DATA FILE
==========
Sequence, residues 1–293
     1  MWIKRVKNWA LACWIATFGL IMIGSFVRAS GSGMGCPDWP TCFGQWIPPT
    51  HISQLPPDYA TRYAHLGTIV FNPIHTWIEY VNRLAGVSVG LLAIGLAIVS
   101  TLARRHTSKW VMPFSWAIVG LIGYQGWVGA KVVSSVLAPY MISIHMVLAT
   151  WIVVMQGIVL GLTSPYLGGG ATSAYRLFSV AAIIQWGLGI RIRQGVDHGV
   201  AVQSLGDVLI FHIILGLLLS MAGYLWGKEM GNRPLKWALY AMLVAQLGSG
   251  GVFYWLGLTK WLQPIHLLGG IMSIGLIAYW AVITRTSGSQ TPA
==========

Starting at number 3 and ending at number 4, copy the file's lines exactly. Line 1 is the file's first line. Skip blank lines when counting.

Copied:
    51  HISQLPPDYA TRYAHLGTIV FNPIHTWIEY VNRLAGVSVG LLAIGLAIVS
   101  TLARRHTSKW VMPFSWAIVG LIGYQGWVGA KVVSSVLAPY MISIHMVLAT